We all know all too well that close to half of all marriages end in divorce. But do you know some of the new statistics which shed more light as to the underlying reasons as to why divorce occurs?
From 2005 through 2009 the demographics concerning divorced individuals were as follows:
According to the Census Bureau, approximately 10.8 percent of “white” people described themselves as having been divorced while the numbers were 11.5% for “black or African-American” people, and 12.6% for “American Indian and Alaska Native” people. Those groups making up poorer socio-economic classifications are clearly affected by divorce more than other groups. The factors which statistically increase the likelihood of divorce include low income, receipt of public assistance, young age, less education, having children, and unemployment.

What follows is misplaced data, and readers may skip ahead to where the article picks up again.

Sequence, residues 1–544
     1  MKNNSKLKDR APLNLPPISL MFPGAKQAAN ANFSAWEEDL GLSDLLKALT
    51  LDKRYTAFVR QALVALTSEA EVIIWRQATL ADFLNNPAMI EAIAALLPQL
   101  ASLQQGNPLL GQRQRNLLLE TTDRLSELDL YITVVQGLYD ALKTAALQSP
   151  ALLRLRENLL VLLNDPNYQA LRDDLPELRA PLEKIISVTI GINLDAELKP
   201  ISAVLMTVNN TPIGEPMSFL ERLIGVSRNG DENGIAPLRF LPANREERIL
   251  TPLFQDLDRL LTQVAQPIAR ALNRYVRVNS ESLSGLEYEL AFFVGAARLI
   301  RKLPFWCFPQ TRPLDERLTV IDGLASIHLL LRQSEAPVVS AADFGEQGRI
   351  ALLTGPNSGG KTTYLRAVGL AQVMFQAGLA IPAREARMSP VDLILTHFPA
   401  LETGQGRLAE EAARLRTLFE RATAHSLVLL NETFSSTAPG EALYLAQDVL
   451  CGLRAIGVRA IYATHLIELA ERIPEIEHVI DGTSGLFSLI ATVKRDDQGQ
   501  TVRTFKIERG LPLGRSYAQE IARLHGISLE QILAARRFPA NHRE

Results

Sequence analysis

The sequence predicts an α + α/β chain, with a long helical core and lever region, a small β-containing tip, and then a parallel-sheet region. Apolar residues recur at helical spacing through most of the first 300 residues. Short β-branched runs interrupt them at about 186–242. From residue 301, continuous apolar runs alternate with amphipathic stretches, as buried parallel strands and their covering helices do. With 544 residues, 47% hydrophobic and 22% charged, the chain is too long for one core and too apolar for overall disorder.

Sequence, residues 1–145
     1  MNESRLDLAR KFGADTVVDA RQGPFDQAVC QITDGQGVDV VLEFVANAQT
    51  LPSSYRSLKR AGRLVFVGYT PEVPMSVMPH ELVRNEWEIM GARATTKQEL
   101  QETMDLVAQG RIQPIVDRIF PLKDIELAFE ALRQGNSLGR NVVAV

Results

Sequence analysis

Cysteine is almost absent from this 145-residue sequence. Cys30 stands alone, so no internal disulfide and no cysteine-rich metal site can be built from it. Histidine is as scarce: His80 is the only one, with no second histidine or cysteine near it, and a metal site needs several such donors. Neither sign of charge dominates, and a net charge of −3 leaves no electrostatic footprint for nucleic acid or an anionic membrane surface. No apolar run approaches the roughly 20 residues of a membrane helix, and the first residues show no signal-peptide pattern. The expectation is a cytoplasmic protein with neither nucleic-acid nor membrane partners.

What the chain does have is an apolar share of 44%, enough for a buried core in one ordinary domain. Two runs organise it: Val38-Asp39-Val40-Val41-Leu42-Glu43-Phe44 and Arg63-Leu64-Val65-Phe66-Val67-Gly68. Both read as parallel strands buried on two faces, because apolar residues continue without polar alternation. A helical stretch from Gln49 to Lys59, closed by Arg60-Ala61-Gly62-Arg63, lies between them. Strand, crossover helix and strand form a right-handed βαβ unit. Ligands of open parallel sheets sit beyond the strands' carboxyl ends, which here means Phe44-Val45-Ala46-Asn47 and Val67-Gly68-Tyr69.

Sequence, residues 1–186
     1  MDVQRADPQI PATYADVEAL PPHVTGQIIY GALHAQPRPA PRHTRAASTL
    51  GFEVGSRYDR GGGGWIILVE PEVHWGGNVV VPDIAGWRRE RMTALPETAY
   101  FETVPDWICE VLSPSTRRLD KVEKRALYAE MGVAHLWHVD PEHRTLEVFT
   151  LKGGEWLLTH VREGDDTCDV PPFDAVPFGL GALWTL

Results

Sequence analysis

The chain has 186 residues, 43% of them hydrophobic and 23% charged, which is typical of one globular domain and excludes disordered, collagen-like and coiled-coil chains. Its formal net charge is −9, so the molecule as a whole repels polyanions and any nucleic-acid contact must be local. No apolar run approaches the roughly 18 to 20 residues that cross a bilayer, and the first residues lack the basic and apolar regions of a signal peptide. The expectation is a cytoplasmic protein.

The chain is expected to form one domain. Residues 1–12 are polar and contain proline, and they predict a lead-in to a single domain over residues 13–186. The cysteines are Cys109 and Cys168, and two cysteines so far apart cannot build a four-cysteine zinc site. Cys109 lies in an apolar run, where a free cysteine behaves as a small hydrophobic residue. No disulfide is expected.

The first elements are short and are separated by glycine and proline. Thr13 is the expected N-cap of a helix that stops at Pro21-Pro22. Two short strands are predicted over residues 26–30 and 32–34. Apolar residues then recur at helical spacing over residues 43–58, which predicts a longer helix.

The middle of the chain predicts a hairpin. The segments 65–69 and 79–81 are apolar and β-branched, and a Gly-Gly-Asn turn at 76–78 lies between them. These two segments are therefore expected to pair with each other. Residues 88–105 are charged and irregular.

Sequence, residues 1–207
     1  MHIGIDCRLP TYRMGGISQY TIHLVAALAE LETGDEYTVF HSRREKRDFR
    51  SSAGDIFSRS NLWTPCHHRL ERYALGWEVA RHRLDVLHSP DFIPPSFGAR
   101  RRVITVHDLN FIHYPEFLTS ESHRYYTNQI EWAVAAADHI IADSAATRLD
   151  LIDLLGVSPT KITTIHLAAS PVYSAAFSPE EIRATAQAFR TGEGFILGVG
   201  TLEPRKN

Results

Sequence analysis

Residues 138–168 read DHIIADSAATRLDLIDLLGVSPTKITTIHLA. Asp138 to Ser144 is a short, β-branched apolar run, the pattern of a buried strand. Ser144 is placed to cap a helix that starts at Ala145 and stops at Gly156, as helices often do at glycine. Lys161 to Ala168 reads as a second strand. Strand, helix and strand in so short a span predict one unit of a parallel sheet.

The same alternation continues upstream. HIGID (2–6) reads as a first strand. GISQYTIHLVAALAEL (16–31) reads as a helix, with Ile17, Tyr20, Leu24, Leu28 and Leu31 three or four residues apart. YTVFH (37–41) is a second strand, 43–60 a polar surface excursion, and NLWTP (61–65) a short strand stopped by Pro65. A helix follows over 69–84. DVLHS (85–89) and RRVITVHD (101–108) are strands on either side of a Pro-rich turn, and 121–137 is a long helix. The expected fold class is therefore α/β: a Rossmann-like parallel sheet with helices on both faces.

It seems clear than financial difficulties can cause marital discord which may lead to a divorce. Poorer people often are less educated, which is another factor for divorce. Those who did not finish college are 16% to 19% more likely to be recently divorced. These trends can create a “catch-22” or “vicious cycle”, as divorce can, in turn, result in poverty. Divorcees, and especially women, often find themselves falling into poverty once they no longer possess the financial stability often found within the confines of a marital relationship. Census data shows, women living below the poverty line are 94% more likely to be recently divorced compared to other women. Women who receive government assistance are 69% more likely to be recently divorced.